I found this post very interesting. It seems that generally accepted time-management skills are lost on some of the most important people in history. Not implying that everyone can sleep as late as, or drink as much, as Churchill and remain successful, but it is interesting to consider that these folks did not work for the sake of work.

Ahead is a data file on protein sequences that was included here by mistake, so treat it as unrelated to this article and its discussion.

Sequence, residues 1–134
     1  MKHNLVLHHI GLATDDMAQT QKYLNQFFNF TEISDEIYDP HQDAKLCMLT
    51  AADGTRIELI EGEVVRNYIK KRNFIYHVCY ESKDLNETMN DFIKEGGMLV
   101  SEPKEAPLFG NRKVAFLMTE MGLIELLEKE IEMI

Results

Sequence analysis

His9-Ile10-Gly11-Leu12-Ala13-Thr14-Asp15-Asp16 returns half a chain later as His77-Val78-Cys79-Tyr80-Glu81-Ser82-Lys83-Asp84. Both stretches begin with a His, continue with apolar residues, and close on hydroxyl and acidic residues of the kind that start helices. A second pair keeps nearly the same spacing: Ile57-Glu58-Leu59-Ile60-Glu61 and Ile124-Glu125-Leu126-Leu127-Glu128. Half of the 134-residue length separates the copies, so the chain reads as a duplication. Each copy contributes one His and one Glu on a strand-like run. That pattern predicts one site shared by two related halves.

So I have been reading an amazing book, Good to Great, by Jim Collins. Without going into a full-scale book review here, Collins posits that it is easy to create a great company, but much harder to take the average good company and transform it into a great one. He looks at companies from all different sectors, pharmaceuticals, heavy industry, retail, etc. Needless to say, there are a few consistent traits of these companies. First, they have amazing leaders. Not egomaniacs like Steve Jobs, but solid, empowering leaders that create a corporate culture that is not dependent on their leadership. If Steve Jobs were to have a stroke tomorrow, Apple would be back to almost bankrupt in a few years. Jobs is the driving force for the company and the only person that can hold it all together. Not completely related to the book, but I happened to come across a great quote while I was surfing the internet today. It's from General Eric Shenseki, the former Chief of Staff of the US Army: "If you don't like change, you are going to like irrelevance even less."